African Heritage Symphonic Series, Volume 1 (CD review)

Music of  William Grant Still, Samuel Coleridge-Taylor, and Fela Sowande. Paul Freeman, Chicago Sinfonietta. Cedille Records CDR 90000 055.

Look. I'm only going to say this one more time (or until I hear another disc from this source), so listen up. The folks at Cedille produce some of the best-sounding records in the industry. And as usual I'd like to commend engineer Bill Maylone for his contributions to the audiophile cause.

This 2003 release with the Chicago Sinfonietta under the directorship of its founder, Paul Freeman, is outstanding in every way. The sound is spectacularly wide, robust, dynamic, detailed, and wholly natural. Highs are sparkling, bass is deep and strong (with a drum rivaling the old Telarcs), depth perception is excellent, and imaging is superb. If the sonics have any weakness at all it's in the slightly soft midrange, yet even here it matches what I normally hear live in a concert hall.

But don't just buy the disc for its sound. The music is more than worthwhile, too. Volume One in Cedille's "African Heritage Symphonic Series," the album includes works by three prominent African American composers of the late nineteenth and early twentieth centuries. The program begins with two pieces by British-born Samuel Coleridge-Taylor (1875-1912), "Danse Negre" from his African Suite and Petite Suite de Concert. They are lightweight and highly accessible orchestral works from the man most famous for his big choral extravaganza, Hiawatha's Wedding Feast. Following them, we find an even more sprightly set of selections from Nigerian-born Fela Sowande (1905-1987), three movements from his African Suite.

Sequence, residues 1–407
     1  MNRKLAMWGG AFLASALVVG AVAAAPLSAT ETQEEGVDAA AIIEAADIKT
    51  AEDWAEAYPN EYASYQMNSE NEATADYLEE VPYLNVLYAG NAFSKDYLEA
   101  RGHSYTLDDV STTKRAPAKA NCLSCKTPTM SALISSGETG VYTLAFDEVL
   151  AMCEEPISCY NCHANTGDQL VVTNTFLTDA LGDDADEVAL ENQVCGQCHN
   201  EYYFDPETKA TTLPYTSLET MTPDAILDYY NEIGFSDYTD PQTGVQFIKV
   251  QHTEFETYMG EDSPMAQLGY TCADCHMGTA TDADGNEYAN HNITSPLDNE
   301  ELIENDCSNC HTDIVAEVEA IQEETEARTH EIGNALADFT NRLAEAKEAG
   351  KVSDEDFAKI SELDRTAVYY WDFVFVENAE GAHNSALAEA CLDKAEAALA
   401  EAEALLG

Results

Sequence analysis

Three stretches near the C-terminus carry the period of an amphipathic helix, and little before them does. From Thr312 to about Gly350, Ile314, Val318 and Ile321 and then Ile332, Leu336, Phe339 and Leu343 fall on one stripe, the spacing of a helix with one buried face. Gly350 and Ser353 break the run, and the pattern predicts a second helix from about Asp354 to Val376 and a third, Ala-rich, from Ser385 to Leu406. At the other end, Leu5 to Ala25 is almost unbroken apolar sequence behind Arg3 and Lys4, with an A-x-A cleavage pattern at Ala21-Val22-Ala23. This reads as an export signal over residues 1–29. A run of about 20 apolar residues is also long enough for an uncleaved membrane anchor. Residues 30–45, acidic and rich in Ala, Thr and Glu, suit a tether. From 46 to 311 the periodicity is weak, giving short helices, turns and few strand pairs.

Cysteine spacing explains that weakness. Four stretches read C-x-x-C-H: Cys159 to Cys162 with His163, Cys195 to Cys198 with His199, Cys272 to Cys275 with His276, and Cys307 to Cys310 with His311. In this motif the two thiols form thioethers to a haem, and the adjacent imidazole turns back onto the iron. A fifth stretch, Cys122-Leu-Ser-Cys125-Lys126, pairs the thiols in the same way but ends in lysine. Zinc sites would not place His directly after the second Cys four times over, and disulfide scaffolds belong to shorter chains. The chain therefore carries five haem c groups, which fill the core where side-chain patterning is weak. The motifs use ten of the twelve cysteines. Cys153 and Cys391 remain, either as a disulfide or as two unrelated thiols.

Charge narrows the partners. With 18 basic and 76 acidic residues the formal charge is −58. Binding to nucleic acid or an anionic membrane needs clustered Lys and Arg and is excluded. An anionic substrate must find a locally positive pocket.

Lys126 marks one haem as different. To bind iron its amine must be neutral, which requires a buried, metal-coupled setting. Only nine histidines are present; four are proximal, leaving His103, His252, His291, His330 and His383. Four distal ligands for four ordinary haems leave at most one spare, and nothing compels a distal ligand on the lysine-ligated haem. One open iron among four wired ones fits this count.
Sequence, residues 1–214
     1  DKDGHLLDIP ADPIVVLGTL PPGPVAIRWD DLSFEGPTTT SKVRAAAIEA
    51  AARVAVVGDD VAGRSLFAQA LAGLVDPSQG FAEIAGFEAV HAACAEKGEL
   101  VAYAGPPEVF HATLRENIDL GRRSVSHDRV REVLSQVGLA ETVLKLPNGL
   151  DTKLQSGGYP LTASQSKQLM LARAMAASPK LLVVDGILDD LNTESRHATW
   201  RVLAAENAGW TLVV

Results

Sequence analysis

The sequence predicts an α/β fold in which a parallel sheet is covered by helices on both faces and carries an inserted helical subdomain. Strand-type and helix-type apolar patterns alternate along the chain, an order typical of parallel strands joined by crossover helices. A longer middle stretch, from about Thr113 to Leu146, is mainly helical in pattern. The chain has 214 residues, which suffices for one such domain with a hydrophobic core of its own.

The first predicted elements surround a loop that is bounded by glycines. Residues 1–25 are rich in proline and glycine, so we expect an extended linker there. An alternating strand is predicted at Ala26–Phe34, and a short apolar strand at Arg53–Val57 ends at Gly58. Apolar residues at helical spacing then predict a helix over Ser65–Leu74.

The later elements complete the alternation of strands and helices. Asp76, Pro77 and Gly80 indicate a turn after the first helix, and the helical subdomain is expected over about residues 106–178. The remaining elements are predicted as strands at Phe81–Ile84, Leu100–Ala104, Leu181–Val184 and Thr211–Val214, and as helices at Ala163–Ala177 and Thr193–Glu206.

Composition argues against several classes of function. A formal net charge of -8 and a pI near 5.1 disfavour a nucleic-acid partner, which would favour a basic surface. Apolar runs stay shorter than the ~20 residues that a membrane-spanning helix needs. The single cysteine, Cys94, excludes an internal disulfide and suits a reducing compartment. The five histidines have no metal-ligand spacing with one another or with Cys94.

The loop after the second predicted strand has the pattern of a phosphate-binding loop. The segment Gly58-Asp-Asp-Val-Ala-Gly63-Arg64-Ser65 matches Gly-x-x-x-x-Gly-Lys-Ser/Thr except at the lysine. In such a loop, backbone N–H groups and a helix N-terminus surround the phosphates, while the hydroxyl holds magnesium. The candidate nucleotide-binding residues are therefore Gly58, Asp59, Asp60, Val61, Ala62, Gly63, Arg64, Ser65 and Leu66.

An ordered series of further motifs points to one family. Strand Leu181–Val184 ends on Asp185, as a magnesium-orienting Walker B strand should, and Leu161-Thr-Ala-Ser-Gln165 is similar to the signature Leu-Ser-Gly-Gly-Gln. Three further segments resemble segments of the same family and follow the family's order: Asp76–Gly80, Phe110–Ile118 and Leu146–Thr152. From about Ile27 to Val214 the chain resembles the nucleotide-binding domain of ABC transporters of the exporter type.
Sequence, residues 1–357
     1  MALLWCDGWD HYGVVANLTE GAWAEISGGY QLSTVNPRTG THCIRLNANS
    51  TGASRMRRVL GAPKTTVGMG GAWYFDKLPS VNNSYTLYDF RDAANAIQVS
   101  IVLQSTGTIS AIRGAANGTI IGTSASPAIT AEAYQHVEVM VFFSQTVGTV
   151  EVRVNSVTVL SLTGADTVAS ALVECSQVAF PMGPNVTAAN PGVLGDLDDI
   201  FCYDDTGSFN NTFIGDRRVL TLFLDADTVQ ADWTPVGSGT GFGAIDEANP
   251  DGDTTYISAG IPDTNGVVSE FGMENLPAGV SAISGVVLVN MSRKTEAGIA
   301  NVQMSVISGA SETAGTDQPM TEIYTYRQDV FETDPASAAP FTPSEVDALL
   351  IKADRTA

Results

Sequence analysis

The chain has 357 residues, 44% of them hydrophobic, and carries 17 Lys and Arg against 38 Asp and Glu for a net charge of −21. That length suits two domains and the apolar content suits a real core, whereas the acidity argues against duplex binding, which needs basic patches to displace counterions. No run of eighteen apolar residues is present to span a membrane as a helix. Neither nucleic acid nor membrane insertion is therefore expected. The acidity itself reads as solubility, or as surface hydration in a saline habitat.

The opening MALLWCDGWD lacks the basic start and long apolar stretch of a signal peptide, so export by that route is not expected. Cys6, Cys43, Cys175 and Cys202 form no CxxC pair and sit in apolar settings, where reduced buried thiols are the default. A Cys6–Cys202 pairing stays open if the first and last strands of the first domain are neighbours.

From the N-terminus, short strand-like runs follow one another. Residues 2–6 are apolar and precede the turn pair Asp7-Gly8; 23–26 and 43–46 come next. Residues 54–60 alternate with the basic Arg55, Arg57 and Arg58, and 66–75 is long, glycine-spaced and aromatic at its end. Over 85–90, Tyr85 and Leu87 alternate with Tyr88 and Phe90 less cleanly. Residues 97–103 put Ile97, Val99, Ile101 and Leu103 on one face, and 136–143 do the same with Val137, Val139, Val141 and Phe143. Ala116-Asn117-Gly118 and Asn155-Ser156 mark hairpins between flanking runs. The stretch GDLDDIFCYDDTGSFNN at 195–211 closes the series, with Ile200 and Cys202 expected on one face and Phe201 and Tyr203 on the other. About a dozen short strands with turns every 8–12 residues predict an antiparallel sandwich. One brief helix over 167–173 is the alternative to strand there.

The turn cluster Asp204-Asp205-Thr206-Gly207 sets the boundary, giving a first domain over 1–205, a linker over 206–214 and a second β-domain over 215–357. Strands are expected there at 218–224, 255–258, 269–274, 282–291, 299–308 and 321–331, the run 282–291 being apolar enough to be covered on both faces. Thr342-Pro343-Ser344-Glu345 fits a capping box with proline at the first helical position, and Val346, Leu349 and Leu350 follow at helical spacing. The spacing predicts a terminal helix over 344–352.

Paul Freeman
Nevertheless, the Coleridge-Taylor and Sowande works are mere introduction to the disc's big number, William Grant Still's wonderful Symphony No. 1. Composer Still (1895-1978) came from a mixed background--African American, Native American, Anglo, and Hispanic--but never rejected his birth certificate identification as "Negro." His First Symphony from 1930, for those who've never heard it, will be a godsend for music lovers who enjoy Gershwin's Rhapsody in Blue, written half dozen years earlier. Still's symphony displays elements of blues, minstrel, ragtime, and Southern folk tunes, all fundamentally American idioms. The composer structured it in a traditional four-movement layout, with a big opening reminiscent of Rhapsody in Blue or Porgy and Bess, followed by a lovely Adagio, a brief but rousing Scherzo, and a surprisingly subdued but noble finale, all of which Maestro Freeman and ensemble play to perfection.

There is also a fine booklet essay on the three composers by music professor Dominque-Rene de Lerma included that does much to clarify the position of each man in the scheme of American musical life. All around, this disc was a sure crowd-pleaser to open Cedille's "African Heritage" series of recordings, and if you can find any of the series, I continue to highly recommend them.

JJP

To listen to a brief excerpt from this album, click on the forward arrow:


No comments:

Post a Comment

Meet the Staff

Meet the Staff
John J. Puccio, Editor, Publisher, Reviewer